Certain disease-related genes may make you sick but protect you from a worse fate—death—argues unconventional medical researcher Moalem.
Currently completing his training at Mount Sinai School of Medicine (he already has a Ph.D. in neurogenetics and evolutionary medicine), the author includes many examples to support his contention that “one man’s disease is another man’s cure.” People with a genetic tendency for sickle-cell anemia, for example, have better natural resistance to malaria. Moalem provides evidence that a hereditary condition called hemochromatosis, which causes iron to build up in the body, may have arisen to protect people from plague and that vulnerability to diabetes may have been an adaptation to ice ages. The accumulation of sugar in blood made more concentrated by frequent urination lowers the freezing point so people don’t freeze to death, he asserts. Dark-skinned people moving to northern climates may be more susceptible to heart disease because they carry genes for the excess cholesterol they needed in areas of intense sunlight. Other sections describe how plants and animals co-evolve as they adapt to climate changes and how a parasite like the Guinea worm “manipulates its victims to collaborate in the infection of others.” We should use such knowledge to develop new strategies to defeat parasites rather than relying on drugs, Moalem suggests. He sees hope for ways to combat cancer that involve turning on or off selected genes—indeed, he has much to say about the dynamism of the human genome. The final chapters report research suggesting that environmental events in early pregnancy may have far-reaching effects on offspring. The author also takes seriously Elaine Morgan’s idea that human evolution may have involved an aquatic phase.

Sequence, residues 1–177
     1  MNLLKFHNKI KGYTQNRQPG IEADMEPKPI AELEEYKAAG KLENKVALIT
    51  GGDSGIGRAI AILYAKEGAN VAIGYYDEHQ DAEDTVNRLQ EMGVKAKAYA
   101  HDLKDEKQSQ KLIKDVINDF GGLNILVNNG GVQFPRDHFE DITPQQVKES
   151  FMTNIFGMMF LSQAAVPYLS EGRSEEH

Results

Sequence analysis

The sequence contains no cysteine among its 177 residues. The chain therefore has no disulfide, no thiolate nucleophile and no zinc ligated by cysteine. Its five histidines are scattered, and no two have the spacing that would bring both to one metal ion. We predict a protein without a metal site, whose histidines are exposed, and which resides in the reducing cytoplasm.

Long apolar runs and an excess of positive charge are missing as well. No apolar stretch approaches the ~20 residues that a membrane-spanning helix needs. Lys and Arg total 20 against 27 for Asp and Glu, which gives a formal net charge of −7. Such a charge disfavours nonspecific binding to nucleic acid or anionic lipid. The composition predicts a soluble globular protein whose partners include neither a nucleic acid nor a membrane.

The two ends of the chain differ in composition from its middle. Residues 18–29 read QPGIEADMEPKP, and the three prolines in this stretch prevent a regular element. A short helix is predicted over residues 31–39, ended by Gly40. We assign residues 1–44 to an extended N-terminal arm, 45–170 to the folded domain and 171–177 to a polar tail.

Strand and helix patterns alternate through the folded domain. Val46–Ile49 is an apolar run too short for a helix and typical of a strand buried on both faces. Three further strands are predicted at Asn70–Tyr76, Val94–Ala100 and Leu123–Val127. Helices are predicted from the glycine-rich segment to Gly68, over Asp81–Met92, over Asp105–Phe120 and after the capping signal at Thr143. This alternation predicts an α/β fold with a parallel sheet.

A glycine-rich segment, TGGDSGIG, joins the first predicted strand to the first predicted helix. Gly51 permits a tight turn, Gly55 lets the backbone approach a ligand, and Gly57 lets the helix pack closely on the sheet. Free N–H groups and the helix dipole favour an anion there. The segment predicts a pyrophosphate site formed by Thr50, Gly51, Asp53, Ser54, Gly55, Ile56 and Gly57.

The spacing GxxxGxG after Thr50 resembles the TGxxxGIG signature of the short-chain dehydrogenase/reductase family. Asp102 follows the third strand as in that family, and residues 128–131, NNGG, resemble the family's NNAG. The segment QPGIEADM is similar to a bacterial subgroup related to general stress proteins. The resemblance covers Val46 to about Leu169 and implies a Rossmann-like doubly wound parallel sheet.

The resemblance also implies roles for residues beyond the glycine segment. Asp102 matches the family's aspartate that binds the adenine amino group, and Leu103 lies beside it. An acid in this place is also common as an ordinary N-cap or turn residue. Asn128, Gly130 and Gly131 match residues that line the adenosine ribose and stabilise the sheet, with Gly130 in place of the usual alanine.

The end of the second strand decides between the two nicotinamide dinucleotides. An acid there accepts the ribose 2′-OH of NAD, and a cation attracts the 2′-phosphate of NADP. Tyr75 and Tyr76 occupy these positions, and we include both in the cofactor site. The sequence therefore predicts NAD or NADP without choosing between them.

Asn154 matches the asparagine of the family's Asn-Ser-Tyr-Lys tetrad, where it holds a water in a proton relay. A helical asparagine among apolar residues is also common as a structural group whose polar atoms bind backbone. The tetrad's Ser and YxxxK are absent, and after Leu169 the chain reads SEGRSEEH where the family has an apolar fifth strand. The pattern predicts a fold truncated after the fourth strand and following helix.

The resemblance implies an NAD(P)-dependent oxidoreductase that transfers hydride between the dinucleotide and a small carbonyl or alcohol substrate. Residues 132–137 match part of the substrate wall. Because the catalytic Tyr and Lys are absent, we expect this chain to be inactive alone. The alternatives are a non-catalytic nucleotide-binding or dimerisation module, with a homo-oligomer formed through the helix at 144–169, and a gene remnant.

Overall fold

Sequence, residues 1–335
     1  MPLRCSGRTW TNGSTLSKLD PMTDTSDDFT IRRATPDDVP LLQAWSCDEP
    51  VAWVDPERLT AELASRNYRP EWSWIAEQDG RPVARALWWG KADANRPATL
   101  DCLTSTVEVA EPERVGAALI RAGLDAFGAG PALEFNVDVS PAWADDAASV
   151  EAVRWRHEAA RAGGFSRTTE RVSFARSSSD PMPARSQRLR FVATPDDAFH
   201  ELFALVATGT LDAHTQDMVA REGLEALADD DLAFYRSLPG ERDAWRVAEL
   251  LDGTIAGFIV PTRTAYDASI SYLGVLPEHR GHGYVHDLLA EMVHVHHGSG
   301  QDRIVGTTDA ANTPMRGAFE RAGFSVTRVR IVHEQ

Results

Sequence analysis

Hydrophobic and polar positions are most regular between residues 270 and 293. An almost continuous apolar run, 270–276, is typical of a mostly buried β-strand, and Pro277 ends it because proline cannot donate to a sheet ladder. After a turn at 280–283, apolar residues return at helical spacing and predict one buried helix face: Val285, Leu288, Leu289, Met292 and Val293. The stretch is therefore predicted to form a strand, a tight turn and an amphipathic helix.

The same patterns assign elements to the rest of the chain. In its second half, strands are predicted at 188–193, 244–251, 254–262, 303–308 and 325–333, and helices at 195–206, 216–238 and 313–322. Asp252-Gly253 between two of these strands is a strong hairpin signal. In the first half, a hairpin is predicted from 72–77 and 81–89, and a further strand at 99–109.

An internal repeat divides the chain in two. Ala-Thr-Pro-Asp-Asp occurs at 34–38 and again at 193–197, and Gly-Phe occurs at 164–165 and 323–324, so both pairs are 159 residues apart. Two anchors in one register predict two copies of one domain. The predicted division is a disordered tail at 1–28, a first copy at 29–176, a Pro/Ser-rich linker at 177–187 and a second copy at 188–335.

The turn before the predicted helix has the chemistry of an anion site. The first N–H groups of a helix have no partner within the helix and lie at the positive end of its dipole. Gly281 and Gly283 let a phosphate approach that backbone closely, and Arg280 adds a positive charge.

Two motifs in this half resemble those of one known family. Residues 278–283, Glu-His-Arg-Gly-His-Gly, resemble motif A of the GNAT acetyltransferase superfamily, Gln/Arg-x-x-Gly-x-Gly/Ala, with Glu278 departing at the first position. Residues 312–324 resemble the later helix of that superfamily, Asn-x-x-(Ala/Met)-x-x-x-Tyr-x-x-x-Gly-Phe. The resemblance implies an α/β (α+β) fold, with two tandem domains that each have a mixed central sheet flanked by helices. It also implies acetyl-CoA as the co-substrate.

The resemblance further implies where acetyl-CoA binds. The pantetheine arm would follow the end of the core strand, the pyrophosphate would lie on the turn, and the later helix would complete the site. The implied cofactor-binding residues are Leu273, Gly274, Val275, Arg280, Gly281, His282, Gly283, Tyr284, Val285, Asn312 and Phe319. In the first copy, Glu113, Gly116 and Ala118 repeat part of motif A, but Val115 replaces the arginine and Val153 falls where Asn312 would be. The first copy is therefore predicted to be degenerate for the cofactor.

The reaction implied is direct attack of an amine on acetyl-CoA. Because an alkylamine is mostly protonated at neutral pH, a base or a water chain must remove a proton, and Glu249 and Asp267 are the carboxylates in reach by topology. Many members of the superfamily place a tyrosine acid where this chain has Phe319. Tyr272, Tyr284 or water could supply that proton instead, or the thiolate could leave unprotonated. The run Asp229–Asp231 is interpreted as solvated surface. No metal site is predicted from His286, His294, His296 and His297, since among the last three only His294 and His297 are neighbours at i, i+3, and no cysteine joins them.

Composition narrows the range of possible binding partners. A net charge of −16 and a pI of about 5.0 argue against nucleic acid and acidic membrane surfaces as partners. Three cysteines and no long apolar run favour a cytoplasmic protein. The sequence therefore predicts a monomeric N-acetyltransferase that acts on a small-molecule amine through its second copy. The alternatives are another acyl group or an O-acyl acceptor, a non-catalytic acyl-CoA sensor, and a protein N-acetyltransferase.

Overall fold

Moalem’s lively and enthusiastic treatise offers enough plausible explanations for interesting phenomena that you’ll be willing to forgive its more outré speculations.